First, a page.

Rocking the boat of dictatorship from the 1980s until today, this Soviet rock record is not to be ignored
As far as I am concerned, any music that undermines and disrupts the order of the day gets a seal of approval from me; when those powers that be are an oppressive regime, musicians that follow this path earn extra brownie points. Despite this, as much as I love the sense of rebellion behind anarchistic music, one must admit that the emphasis on the message can sometimes lead to a lack of importance being placed on creating an enjoyable high quality sound for the masses. Russian post-punk rockers Kino, however, did not suffer this same fate. Instead they marked their legacy as arguably the best rock band to come out of the country, whilst at the same time being part of a movement of rubbing up the right people the wrong way.
“...a rare breed that has found the magic formula of sticking two fingers up to the establishment by luring many people in with their varied yet always deeply intriguing sound.”
Formed in Leningrad during the Soviet era, the band obviously had to make a name for themselves via the burgeoning underground movement that existed in the Soviet Union. Though censorship was of course present during the 1980s, the band managed to record albums and go on tour, albeit with some inevitable challenges. Recording songs that featured on the first release of Posledniy geroy throughout the decade, the tune that of course gained most attention was the absolute humdinger that the album opens with. With a rockier undertone, the track Khochu peremen begins with a captivating instrumental sounding not too dissimilar from Dead or Alive’s hit song that was released a year before You Spin Me Round (Like A Record). However, rather than gaining anthemic status due to it being an inherently danceable a frivolous synth-pop tune, Khochu peremen was popularised for its message.
Translated as ‘I want changes’ in English, the song had a variety of interpretations. Though the band’s lead singer Viktor Tsoi, who sadly died in a car crash shortly after the album’s release, maintained that it was about personal change the song was perceived by some people to be about Perestroika, however, by the masses it was viewed as a more general plea for political and social transformation. At a time in which the tides were changing the song became important as it became a rallying cry for civilians fed up with oppression. It was played on speakers by barricaded civilians during the 1991 Soviet coup d'état attempt and recently made a reappearance during the 2020 Belarusian protests in which two sound engineers, who have sadly been imprisoned, heroically included the song in a pro-government concert.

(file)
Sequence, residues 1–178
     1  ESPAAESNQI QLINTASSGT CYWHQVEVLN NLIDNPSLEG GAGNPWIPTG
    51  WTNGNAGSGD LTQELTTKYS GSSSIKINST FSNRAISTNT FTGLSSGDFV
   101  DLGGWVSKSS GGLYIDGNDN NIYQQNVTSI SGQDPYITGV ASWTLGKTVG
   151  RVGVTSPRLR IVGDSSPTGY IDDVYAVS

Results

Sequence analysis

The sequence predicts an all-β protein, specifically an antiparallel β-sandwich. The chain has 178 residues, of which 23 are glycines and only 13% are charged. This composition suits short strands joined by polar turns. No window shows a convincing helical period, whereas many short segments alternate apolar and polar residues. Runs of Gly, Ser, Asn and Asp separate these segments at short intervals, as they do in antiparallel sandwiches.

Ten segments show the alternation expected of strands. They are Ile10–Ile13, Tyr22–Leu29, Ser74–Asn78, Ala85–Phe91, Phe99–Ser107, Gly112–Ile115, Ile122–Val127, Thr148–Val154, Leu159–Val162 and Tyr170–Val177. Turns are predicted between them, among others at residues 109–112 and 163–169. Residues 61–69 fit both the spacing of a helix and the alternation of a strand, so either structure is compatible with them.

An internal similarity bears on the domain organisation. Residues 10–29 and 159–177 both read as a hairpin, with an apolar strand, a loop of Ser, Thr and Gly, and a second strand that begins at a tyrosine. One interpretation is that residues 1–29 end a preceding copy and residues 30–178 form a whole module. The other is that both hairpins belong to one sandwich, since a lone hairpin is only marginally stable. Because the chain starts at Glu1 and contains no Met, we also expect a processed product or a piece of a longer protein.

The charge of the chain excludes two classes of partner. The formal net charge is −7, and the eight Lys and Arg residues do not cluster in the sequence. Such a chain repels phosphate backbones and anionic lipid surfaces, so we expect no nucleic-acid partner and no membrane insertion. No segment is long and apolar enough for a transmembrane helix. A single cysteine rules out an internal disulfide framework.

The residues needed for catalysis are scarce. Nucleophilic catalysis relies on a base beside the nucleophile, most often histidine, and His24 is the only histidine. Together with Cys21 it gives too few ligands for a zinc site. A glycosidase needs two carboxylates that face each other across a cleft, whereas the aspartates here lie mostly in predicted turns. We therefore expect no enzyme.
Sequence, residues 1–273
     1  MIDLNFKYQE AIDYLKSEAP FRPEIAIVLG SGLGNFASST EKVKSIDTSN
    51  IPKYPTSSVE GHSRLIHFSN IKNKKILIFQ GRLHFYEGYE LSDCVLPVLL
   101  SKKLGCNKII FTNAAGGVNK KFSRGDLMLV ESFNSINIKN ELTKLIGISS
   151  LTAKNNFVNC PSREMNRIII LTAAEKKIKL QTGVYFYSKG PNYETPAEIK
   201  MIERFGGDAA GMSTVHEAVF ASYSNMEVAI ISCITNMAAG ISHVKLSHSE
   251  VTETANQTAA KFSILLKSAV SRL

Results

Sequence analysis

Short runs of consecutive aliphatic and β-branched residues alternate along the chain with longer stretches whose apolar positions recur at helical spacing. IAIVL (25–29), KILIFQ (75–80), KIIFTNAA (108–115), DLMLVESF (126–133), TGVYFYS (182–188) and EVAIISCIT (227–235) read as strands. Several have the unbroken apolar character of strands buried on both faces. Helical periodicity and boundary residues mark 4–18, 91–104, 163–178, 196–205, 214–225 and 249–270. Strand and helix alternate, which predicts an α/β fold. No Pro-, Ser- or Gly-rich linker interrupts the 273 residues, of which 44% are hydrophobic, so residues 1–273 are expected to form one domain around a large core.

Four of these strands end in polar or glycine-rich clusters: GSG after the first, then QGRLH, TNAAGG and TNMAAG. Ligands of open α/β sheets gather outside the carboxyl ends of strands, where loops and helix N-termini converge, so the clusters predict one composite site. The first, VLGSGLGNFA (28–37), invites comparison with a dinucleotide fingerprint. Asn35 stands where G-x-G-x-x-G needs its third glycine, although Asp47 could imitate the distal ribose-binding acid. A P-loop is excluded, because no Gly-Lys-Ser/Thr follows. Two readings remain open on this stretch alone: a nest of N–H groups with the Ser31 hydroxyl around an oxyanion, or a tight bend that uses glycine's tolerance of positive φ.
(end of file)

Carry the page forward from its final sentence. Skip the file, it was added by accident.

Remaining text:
Not only does the song have an important message, reflective of the band’s important role during social change across Eastern Europe, but the song is a genuinely fantastic tune that even without lyrical understanding is still thoroughly enjoyable. The drum beat is simply superb carrying through the energy that any good protest song requires. Though the album can often include shades of darkness throughout, often due to Tsoi’s sometimes weary vocals, particularly notable on the second track Elektrichka and the incapsulating penultimate track V Nashikh Glazakh, the record for the most part is incredibly upbeat skirting nicely around the new wave genre. In all honesty, the album is full of bangers with perhaps my favourite being the fourth track Trolleybus, but what I find particularly remarkable is their varied styles. Songs like the title track Posledniy geroy have echoes of Talking Heads on them, whilst track seven Gruppa Krovi almost feels like a precursor to a lot of the best commercial indie-rock music to have been released in the 21st century, with a highly competent stripped down guitar-heavy effort. Throughout the listening of the album I find myself physically going through a range of motions; at many points I have the urge to move my body to dance, even to headbang, and at others I feel that deep warmth and comfort that only the best music can provide. Though it is an album that having looked at some of the translation of the lyrics would be further appreciated with a greater grasp of the Russian language, I feel that this album was not only vital in its era due to its societal implications, but I also consider it to be a rare breed that has found the magic formula of sticking two fingers up to the establishment by luring many people in with their varied yet always deeply intriguing sound.